The Joy of Learning

We hear that knowledge is power but how does this affect us in our daily lives? The average human living in the western world spends 13 years in a school environment where we are taught in a certain way. The system follows a strict structure especially with science and maths subjects. That type of teaching never appealed to me because I didn’t feel a connection with the teacher or subject material. It is no surprise to me that English was my favourite subject because it was about how words shape emotions and I felt a freedom with the subject that allowed me to be inquisitive and therefore wanting to learn more.

Joy of learning 3The beauty of adulthood is that we are free from these curriculums and can learn anything we want. Whatever passions we had in school that were not entertained, we know have avenues to learn about them in adulthood education. I discovered my love for writing while recovering from a broken leg but not all passions have to be followed this way! It is often through life learning instances like this that we find our passion in life. When I broke my leg I was forced to take time off work and university and struggled to pass the time. I decided to do a match analysis for a cricket match and I was surprised how easily I could write a large piece. Being free from the university language allowed me to express my creativity in a different avenue and the words flowed through my fingers.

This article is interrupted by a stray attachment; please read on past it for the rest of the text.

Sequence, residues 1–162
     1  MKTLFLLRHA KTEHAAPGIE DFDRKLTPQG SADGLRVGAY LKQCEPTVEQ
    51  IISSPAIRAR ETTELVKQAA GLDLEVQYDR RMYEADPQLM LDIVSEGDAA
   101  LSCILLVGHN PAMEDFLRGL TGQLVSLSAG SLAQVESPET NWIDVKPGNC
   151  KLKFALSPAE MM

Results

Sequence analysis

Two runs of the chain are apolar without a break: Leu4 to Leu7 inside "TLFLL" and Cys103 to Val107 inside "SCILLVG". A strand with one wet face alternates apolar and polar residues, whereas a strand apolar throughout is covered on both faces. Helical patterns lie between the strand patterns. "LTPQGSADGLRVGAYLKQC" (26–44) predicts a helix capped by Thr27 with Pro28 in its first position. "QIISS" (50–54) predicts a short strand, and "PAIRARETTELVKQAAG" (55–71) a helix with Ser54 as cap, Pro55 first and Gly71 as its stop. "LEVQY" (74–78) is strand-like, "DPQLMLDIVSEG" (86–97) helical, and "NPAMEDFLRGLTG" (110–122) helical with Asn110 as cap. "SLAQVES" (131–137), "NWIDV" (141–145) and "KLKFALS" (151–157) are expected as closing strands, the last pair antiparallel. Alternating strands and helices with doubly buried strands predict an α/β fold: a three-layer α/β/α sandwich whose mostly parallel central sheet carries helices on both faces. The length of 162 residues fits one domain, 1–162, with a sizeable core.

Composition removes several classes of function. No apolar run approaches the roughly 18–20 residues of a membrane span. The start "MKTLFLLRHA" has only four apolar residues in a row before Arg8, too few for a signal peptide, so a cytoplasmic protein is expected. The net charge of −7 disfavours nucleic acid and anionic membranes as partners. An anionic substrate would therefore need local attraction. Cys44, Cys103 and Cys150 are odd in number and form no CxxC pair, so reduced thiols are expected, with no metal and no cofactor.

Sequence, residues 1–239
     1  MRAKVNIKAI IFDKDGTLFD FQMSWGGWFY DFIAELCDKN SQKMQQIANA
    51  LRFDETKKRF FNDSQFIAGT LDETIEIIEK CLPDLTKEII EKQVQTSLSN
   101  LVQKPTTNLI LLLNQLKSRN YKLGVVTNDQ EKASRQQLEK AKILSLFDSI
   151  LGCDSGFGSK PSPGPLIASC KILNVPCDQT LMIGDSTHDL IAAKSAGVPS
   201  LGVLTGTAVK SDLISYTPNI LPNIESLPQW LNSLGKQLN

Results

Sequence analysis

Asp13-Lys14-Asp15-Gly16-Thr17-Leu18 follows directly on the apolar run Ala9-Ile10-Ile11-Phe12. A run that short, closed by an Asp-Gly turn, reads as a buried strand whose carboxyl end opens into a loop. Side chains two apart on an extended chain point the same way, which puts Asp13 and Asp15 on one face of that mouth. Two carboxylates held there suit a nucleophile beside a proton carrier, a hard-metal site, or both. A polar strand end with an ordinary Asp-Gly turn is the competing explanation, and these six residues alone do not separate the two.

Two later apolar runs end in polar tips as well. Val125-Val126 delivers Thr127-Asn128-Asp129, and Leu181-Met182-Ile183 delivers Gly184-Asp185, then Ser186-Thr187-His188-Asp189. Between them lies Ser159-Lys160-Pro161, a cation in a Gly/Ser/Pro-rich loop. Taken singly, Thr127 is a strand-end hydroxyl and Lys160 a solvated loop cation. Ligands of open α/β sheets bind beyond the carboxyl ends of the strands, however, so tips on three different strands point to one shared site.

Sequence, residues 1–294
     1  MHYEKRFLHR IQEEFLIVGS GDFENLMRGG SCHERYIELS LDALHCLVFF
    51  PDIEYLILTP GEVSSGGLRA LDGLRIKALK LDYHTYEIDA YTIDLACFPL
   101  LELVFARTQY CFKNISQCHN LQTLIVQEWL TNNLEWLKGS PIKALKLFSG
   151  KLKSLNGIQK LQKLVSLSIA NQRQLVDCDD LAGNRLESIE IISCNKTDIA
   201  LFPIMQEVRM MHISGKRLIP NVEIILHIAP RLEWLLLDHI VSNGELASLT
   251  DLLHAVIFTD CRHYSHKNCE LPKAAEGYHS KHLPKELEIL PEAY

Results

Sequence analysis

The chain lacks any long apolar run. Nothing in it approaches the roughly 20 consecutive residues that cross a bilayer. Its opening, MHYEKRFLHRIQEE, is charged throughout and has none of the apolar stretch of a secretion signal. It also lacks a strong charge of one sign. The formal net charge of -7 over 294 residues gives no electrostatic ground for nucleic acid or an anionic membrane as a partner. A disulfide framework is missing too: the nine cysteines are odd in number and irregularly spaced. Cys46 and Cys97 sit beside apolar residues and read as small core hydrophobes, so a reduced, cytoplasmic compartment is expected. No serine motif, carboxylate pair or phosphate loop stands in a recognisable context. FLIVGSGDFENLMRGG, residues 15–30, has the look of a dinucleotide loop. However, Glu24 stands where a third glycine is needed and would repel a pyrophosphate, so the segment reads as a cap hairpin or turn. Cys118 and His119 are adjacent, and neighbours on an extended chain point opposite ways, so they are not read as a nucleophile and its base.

Learning how to ride a bicycle is one of the most joyful experiences for both a parent and a child. That feeling of taking off on your first ride with the skills you have learned is a rewarding moment. Educating ourselves allows us to have these feelings when we are learning about subjects we care about. Something that is lost in the hustle and bustle of school is the joy we gain from learning.

Joy of learning 1The older generation of teachers had a disconnect with students which led to many boring afternoons sitting and listening about the periodic table from someone who did not get us. In times like these, I always learned more from my peers. They could talk to me in my own ‘language’ which meant I was able to grasp ideas quicker. The same can be said for adult to adult education where the students are there because they want to be and are being taught by someone who is generally around their age.

I always felt that learning was a concept where you walk into a room and be quiet and listen to the teacher for an hour. I have found now that while that may be one aspect to it in our younger years, adulthood brings out many other avenues for us to learn. Cooking classes, writing classes and yoga classes for example are huge in the adult community. We are learning what we want in a helpful environment and the skills we learn fuel us with extra knowledge and ultimately bring out the joy in learning.

AuthorAmay Nagar

Amay Nagar is a student at Swinburne University studying communications. He is an avid sports follower with his own sports blog and his other hobbies include rewatching tv shows and questioning the norms.

This article was written and produced as part of the CREATE Media Arts Internship Program.

Laneway Learning has partnered with The Mentorship to deliver this exciting new program to support young people aspiring to work within the creative media and arts sectors.